Secretary of Defense Lloyd Austin traveled to Kyiv Monday to meet with Ukrainian President Volodymyr Zelenskyy and his defense ministers. The aim of the trip was to deliver the message to Ukraine and its allies that its war to repel the Russian invasion “matters to the rest of the world,” and that the U.S. is committed “for the long haul.” At the same time, a bipartisan group of lawmakers is at the Halifax International Security Forum warning global leaders of the nasty fight brewing in Congress over continued Ukraine aid, with Republicans demanding big changes to immigration policy in return for their support.
“Each of the groups that we’ve talked to—we’ve said this is going to determine whether or not there’s funding for Ukraine, Israel and Taiwan,” Sen. Mike Rounds, a South Dakota Republican, told Punchbowl News. “Because how do you go back home and say you’re justifying their defense but you’re not protecting our own southern border? Without the border being addressed appropriately, nothing is going to move.”
The problem is that Republicans are demanding far more than just more border security funding. They want a change to U.S. immigration policy, making it harder for immigrants to gain asylum protection. They also want a significant decrease in the number of people allowed into the country. If that’s the case, Democrats have countered, it will also need to address their long-sought immigration reforms.
“There’s a reason why we haven’t done bipartisan immigration reform in 40 years,” Democratic Sen. Chris Murphy of Connecticut, who is in on the negotiations, told reporters Thursday, adding that it is even “harder” than the gun safety measures he worked on last year. “I’m not confident we’ll get there,” he said. “Our party doesn’t view the issue of immigration as just an issue that’s happening at the border,” he said. “We care about Dreamers, and we care about how long it takes to get a final conclusion. We care about legal immigration numbers.”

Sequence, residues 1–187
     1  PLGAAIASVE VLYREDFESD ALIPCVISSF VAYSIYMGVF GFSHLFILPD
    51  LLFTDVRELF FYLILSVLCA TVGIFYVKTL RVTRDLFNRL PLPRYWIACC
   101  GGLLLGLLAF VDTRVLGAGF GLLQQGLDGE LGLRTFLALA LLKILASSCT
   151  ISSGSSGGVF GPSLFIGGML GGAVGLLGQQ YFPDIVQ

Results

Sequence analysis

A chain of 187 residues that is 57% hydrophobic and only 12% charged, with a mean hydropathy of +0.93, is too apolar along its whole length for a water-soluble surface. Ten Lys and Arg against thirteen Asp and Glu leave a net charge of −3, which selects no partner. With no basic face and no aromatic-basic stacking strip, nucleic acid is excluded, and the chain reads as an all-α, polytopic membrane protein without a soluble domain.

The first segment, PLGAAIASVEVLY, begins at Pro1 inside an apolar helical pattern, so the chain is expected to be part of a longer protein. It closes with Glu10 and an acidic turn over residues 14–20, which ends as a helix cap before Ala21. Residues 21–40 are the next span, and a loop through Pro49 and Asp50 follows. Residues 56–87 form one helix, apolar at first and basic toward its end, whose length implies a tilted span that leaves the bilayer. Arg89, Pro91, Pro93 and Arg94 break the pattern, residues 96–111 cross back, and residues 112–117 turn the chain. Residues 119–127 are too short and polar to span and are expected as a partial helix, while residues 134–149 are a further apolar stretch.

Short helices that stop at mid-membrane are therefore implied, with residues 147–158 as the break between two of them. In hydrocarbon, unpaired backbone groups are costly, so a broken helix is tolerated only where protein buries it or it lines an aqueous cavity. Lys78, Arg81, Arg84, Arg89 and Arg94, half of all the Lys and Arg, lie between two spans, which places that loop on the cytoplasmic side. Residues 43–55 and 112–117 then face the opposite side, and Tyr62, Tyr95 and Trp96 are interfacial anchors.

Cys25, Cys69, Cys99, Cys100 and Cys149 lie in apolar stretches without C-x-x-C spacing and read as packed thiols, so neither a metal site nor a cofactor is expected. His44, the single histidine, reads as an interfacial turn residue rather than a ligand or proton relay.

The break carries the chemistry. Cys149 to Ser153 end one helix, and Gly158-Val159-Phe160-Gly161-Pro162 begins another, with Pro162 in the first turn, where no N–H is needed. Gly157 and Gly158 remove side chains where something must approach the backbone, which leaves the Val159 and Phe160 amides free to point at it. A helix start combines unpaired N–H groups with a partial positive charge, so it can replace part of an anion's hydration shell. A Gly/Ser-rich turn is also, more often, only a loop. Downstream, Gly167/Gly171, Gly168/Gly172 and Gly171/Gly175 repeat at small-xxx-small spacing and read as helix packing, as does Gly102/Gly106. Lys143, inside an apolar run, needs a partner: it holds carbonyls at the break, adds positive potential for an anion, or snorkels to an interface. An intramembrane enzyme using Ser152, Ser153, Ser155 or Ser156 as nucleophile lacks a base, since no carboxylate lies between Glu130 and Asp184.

One of the Republicans in the negotiations, North Carolina Sen. Thom Tillis, insists that’s not on the table. “We’re talking about border security,” said Tillis, adding that Dreamers won’t be included. “That’s not what we’re talking about. We’re talking about fixing a problem that’s so pronounced at the border that we can’t even have a discussion about that population right now because this administration’s allowed the problem to get so bad.”
Again, what’s supposed to be the heart of this is whether Ukraine can fight and win against Russia, and keep the totalitarian Putin at bay in Europe. Further complicating that issue, a handful of House Republicans are now insisting that the funding for Taiwan in the supplement funding package President Joe Biden requested be increased. The White House asked for $2 billion out of the $106 billion emergency aid request to go to Taiwan, and these members want $12 billion.
That complication comes as the Pentagon’s ability to continue Ukraine military aid dwindles; it’s running out of money and weapons. That means the military assistance to Ukraine is being rationed. “You have seen smaller packages because we need to [parcel] parse these out,” Pentagon deputy press secretary Sabrina Singh said Thursday. “Because we don’t know when Congress is going to pass our supplemental package.”
There’s a definite deadline built in: the end of this year. That time crunch is made even greater because there are just 12 legislative days scheduled between now and the end of the year, and a massive amount of work to be done.
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